During remarks yesterday at the European Compliance and Ethics Institute conference in Prague, Alun Milford, general counsel for the U.K. Serious Fraud Office, provided some rare insight into the inner workings of the SFO.
Milford began by emphasizing that the SFO has many cohorts to assist the agency in its work. “We have gateways for the supply and receipt of information across the regulatory, law enforcement, and intelligence communities, here and abroad,” he said. “We also have strong relationships with the [National Crime Agency] and the police who give us excellent operational support in our investigations.”
Through this assistance, the SFO—made up of investigators, lawyers, forensic accountants, analysts, IT professionals, and external counsel—is “free to focus on investigating and, if appropriate, prosecuting cases,” Milford added. Innospec, Smith and Ouzman, Sweett Group, and Standard Bank are a few examples of companies that have faced convictions in corruption cases by the SFO.
More cases are on the horizon, including “a LIBOR-fixing trial and a string of overseas corruption trials—all brought by the Serious Fraud Office,” Milford said. “We are not, as some have suggested, focused simply on corporates. We will follow the evidence to wherever it takes us.”
Milford explained that cases against a company come into the SFO in many ways, including through a whistleblower, a disgruntled business rival, a bribe recipient, or a self-disclosure by the company itself. Regardless of how a case comes into the SFO, he said, it will be looked at first by the SFO’s intelligence unit, whose members will assess whether the case meets the SFO’s criteria to take it on.
“If the Director agrees to open a criminal investigation, responsibility for it passes to a case controller on one of our casework Divisions, who will have day-to-day responsibility for the case,” said Milford. That individual will lead the multi-disciplinary team investigating it, who will “pursue all reasonable lines of enquiry, gathering in and reviewing potentially relevant documents from the company and elsewhere. It will interview witnesses and suspects,” Milford added. “At the end of that process, we will make a charging decision.”
So how does the SFO decide how to deal with a company?
“If we judge that there is insufficient evidence against it, then that is the end of the matter so far as the corporate is concerned,” Milford explained. “Equally, if we consider we have sufficient evidence for a realistic prospect of conviction and the public interest warrants the corporate’s prosecution, we will prosecute—but if we think the public interest might not require a prosecution then we will consider a DPA.”
When sitting down to talk with a company, “we will make clear that we are looking for cooperation for the duration of the investigation,” said Milford. The company under investigation is expected to preserve information and to make it available to the SFO, he said.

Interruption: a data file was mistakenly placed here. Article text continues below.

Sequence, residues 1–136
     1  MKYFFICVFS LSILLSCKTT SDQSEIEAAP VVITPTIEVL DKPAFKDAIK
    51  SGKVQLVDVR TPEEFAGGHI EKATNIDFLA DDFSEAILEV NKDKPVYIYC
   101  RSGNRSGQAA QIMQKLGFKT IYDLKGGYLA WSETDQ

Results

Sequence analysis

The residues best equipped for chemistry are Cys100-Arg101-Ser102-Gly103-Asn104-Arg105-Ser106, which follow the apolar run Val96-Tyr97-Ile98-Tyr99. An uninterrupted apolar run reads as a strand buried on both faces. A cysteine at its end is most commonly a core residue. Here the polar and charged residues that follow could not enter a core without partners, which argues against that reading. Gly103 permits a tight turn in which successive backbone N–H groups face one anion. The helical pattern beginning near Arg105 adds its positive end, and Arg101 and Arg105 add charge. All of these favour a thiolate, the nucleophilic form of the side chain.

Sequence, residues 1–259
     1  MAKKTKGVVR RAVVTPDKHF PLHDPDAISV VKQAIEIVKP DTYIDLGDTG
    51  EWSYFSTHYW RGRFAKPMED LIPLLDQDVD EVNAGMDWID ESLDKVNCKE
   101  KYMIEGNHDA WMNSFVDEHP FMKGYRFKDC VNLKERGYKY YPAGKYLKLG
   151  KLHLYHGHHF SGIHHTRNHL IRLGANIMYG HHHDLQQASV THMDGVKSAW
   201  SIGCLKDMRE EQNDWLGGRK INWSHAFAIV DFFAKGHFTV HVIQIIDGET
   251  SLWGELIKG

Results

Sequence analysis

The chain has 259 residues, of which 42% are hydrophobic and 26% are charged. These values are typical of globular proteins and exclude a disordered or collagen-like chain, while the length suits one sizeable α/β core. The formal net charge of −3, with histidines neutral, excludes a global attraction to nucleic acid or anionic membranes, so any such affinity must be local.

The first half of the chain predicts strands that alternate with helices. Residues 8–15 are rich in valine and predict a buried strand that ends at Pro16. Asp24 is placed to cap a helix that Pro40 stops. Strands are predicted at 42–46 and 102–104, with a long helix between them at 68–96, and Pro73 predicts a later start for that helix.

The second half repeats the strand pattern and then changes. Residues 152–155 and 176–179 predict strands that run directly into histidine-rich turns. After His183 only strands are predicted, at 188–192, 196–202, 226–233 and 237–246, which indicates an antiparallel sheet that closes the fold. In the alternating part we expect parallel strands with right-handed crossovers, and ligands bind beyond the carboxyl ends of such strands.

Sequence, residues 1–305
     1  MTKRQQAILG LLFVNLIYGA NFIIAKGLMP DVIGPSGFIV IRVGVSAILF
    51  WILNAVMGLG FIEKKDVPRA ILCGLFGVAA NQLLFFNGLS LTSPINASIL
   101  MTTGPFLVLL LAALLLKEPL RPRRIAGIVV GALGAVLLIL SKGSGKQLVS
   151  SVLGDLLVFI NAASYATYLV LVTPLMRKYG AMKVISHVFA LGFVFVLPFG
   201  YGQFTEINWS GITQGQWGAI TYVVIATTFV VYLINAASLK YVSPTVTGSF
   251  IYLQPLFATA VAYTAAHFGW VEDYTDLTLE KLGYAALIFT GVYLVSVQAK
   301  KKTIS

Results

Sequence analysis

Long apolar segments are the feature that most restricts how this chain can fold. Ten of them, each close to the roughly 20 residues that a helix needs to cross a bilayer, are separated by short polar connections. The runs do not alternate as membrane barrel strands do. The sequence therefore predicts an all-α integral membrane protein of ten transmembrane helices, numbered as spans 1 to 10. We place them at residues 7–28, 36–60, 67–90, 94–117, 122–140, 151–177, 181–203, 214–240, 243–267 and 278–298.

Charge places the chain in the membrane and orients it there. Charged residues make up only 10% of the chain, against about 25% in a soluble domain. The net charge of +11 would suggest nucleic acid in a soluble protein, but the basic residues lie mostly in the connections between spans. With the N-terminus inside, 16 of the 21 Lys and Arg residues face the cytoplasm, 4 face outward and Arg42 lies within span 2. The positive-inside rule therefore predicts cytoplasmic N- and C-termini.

“Collection of digital material needs to be forensically sound, with whole images being taken of digital collections which are then preserved. Back-up tapes should be preserved, and any rolling destruction processes stopped.
Furthermore, those who gather data should record the steps they took personally to secure it. “The methodology should be disclosed fully to the SFO and be supported by witness statements,” said Milford. “Crucially, also we will want to know what witnesses spoken to by those conducting the internal investigation had to say.”
The SFO has no interest in communications between client and lawyer on questions of liability or rights. “We are focused on the underlying facts, including the accounts of witnesses spoken to in corporate investigations,” he said.
In some cases, the company concerned wants to claim privilege over the witness accounts. “Whether privilege in fact applies depends entirely on the facts of the case, something we will review very carefully,” Milford said.
To that point, Milford explained the following points:
We will view as uncooperative false or exaggerated claims of privilege, and we are prepared to litigate over them: to do otherwise would be to fail in our duty to investigate crime.
If a company’s assertion of privilege is well-made out, then we will not hold that against the company: to do otherwise would be inconsistent with the substantive protection privilege offers. We will simply judge the question of co-operation in our normal way against our published criteria.
By the same token if, notwithstanding the existence of a well-made-out claim to privilege, a company gives up the witness accounts we seek, then we will view that as a significant mark of cooperation: here again, to do otherwise would be inconsistent with the substantive protection privilege offers.
For the same reason, we will view as a significant mark of cooperation a company’s decision to structure its investigation in such a way as not to attract privilege claims over interviews of witnesses.
The SFO does not give advice on anti-bribery compliance. “We are simply investigators and prosecutors, and it is that capacity that we assess compliance after the event, and in light of the particular circumstances of the case,” Milford said.
“If a law abiding company, whose ethos and compliance systems do not allow it to pay bribes, loses out on business to a bribe-paying company, we want to know about it,” he added. “It may be that we have jurisdiction to investigate that company, even if it is not British.”
“If we do not have such jurisdiction, we have good connections with overseas law enforcement authorities who might,” concluded Milford. “So, tell us about it. We’re all ears.”